What a difference half a lifetime can make, not least to my home city of Manchester, which we revisited this week.
It must be decades since I last arrived at Deansgate station, from where I commuted at age 20 to work at the city’s first skyscraper, Sunlight House in Quay Street.
In the early 1970s its designer and owner, Joseph Sunlight, was still alive. Although rich, he used to shuffle around his Portland stone building reluctantly changing light bulbs if tenant firms reported one going. Of course, by that time others had copied and outdone his office block, though few had a basement swimming pool or sweet shop in their foyer. It was, however, all rather run down by then.
On Deansgate I later did Sunday reporting shifts at the Daily Mail, surrounded by desks occupied only by old typewriters and dirty dinner plates, with congealed gravy and remains of chops consumed by busier Saturday night staffers. Nothing much happened, and only the old pub near Bootle Street police station was open.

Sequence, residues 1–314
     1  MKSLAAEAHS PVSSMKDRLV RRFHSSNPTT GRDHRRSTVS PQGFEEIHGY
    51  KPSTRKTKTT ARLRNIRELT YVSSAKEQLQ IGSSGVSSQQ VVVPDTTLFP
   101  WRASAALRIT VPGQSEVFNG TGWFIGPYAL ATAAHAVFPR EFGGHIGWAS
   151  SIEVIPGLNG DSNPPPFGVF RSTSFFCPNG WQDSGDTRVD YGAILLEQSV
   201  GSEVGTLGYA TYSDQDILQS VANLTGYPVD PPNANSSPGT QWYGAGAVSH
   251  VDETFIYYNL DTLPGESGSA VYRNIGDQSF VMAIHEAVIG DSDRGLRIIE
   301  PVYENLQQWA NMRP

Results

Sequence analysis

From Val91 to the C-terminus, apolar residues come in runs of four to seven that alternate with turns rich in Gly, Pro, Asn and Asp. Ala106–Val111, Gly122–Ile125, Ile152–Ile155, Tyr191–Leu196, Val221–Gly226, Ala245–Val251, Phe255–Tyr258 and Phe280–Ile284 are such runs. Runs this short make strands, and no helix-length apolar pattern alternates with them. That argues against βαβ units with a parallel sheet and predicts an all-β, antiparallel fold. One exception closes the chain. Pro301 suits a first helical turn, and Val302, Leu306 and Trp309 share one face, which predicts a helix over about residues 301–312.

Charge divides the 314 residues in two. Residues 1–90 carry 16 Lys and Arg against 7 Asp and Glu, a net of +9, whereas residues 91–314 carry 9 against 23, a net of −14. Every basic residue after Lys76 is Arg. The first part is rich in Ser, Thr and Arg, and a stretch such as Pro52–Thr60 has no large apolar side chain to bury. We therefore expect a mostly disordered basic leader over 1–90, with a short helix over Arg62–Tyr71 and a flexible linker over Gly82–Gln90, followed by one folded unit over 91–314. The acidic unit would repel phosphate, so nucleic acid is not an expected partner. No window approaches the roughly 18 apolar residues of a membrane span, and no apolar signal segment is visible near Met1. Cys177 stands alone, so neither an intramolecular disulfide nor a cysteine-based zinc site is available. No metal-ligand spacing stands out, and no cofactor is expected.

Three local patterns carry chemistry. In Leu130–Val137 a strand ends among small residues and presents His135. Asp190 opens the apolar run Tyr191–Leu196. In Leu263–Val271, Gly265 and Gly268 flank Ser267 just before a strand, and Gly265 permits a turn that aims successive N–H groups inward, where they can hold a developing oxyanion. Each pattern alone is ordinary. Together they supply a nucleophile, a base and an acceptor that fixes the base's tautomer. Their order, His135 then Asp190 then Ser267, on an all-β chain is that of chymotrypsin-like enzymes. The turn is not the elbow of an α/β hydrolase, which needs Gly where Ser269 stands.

On the train from Blackpool this Sunday I told She Who Knows how, as a teenage office worker at Manchester Town Hall, I was sent to buy rail tickets to London for council executives, always first-class, non-smoker seats facing the engine. It was so long ago that my big boss used to also send me to pick up his starched collars.
This last Sunday, Deansgate was crowded, its highway closed to traffic for a family cycle race. There were spectacular glass buildings soaring from former Victorian alleyways but, thankfully, the fine old landmarks like Rylands Library have survived.
After shopping at what had been Kendals, we enjoyed drinks at a trendy bar in a converted cotton emporium overlooking Parsonage Gardens, followed by a French meal nearby.
How wonderful to see the North West come so far and, once more, buzzing with new life.
* For Roy’s books visit www.royedmonds-blackpool.